The iconic beer brand says it is prioritising digital targeting and the creation of new sub-brands in a bid to make Guinness more attractive to young people.
When you think of Guinness it’s easy to imagine a pub full of distinguished middle-aged drinkers complimenting the bartender for the thickness of his pour. Yet, according to Rory Sheridan, head of sponsorship for Diageo in Western Europe, the iconic Irish stout is now attempting to steer away from its specialist tradition and to resonate more with a younger audience.
With the final weekend of the Rugby Six Nations Championship this weekend and this week’s Cheltenham Festival – both events that Guinness sponsors – it’s a busy time for the brand. And, speaking to Marketing Week, Sheridan says that moving forward it plans to use these sponsorships to introduce the new beverages it is creating.
He says the brand’s Open Gate Brewery in Dublin has been prioritising the creation of new sub-brands such as Guinness West Indies Porter Ale and Hop House 13 lager; the latter marks the first new lager brand Guinness has launched since the 1960s. Although both are different types of beer they are made with the same Guinness yeast and a good chance to “tap in” to the craft beer revolution.
“We’ve been opening up the Dublin brewery to social media influencers to show we have a broader appeal. We’re also prioritising the creation of new lagers and ales there, whether that’s on a limited or permanent sales run,” he explains. “There’s no doubt a younger drinker can find Guinness a challenging drink in terms of an entry-level beer, so that needs to be addressed.”
Making the brand resonate with a female drinker is also a challenge for Guinness. One potential, Sheridan says, could be beer cocktails following “successful trials” among female drinkers. However, launching a more female-friendly beer sub-brand would be foolish.
“If a woman wants to drink a beer, she will drink one without being told what to do. It is more about our marketing appealing to a broader non-demographic-specific audience and showing them Guinness can be enjoyed by anybody opposed to creating a female-focused liquid,” he says.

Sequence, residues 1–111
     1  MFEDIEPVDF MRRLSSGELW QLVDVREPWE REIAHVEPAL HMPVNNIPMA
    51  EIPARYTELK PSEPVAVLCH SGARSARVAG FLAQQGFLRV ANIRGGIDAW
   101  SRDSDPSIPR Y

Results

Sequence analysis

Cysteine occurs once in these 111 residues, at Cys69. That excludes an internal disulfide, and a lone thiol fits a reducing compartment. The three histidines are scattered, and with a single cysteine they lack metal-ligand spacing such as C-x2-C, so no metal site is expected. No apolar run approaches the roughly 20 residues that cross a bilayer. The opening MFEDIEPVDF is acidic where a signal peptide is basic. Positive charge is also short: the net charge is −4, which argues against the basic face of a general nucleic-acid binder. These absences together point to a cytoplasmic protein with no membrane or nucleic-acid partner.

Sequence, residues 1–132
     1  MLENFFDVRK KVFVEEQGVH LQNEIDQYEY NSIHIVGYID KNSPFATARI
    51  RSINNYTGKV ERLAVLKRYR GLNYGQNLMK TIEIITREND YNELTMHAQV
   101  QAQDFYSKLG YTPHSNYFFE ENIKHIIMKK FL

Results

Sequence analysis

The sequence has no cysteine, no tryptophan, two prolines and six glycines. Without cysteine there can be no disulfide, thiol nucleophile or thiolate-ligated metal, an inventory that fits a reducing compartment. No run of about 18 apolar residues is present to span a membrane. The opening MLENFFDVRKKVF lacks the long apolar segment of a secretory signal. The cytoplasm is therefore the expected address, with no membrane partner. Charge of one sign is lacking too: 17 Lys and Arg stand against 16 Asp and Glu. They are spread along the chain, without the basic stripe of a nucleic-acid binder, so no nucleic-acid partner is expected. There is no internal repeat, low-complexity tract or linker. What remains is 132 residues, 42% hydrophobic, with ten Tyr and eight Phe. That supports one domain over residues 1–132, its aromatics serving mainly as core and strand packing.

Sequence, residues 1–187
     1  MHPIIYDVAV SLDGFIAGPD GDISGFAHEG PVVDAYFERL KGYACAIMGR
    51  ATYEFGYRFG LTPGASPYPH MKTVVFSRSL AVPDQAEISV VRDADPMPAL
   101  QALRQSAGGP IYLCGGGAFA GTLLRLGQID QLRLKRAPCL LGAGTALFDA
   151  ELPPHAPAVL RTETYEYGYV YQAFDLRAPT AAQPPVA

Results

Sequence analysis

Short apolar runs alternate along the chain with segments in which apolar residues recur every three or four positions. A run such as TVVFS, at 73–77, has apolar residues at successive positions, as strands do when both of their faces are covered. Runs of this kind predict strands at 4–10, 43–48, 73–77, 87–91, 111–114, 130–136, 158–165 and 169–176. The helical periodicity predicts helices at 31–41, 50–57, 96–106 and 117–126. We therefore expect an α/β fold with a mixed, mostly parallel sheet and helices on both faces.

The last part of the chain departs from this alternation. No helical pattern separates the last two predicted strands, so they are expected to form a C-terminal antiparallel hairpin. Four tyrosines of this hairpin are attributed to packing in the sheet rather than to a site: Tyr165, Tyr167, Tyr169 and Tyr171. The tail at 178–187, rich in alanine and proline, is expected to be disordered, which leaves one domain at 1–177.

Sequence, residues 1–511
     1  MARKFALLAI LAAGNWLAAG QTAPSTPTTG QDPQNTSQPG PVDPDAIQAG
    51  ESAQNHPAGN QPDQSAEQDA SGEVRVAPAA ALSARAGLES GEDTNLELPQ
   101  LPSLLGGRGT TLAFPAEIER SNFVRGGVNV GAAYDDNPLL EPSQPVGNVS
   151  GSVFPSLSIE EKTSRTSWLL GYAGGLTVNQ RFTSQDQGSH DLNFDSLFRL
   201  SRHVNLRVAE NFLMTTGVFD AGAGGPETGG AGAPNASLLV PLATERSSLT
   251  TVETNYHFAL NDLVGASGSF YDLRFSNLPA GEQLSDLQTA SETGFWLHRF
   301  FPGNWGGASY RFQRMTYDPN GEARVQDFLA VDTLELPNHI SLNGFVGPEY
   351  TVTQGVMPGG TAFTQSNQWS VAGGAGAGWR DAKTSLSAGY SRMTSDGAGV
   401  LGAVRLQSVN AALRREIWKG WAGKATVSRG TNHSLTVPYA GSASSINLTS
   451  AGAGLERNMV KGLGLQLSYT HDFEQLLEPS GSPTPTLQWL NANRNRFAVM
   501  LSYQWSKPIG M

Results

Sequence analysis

Made of More
One way the marketing of Guinness is evolving is through its Made of More positioning, which prioritises touching stories rather than the artistic punch of previous iconic campaigns such as Surfer and its wave-bound horses. Around the 2015 Rugby World Cup, for example, the beer brand’s TV campaign focused on the story of Welsh rugby legend Gavin Thomas and how he bravely came out as homosexual to his teammates.
When we speak, people listen, so we have a massive duty of care not to mess around with their expectation for Guinness to act with integrity.
Rory Sheridan, Diageo
Sheridan says this new positioning is here to stay and that Guinness has no plans to simply flirt with being purposeful. “Around the time of the financial crash, we did lots of research on how the Guinness brand can stay relevant for the next 20 years,” he explains. “And having substance in an era when the public are very cynical of major organisations was our number one takeaway.
“With Guinness being this typically male-orientated brand, there was a need to be genderless and to instead focus on stories everybody can relate to; that’s Made of More in a nutshell. Even if we change the slogan slightly, it will be a long-term focus. When we speak, people listen, so we have a massive duty of care not to mess around with their expectation for Guinness to act with integrity.”
Targeting and becoming ageless
Sheridan says Diageo wants Guinness to gain just as much fame from its advertising in social as it previously did in TV. Of this approach, he reveals: “The traditional marketing mix we’re used to is something we are trying to step outside of more.
“We want to be more impactful with our media spend and steer clear of a one size fits all approach, where a TV campaign is simply repeated down the funnel. It’s not about reaching millions of people but reaching the right people through smart targeting and original content.”
Ultimately, Guinness is ready to break away from tradition in its bid to appeal to drinkers of all ages. Sheridan concludes: “Guinness really must become an ageless brand as it is important to recruit new people to the brand. If targeting younger drinkers through stuff such as our Boiler Room partnership means doing radically different advertising than the previous generation then that’s what has to be done.”
This article first appeared in www.marketingweek.com
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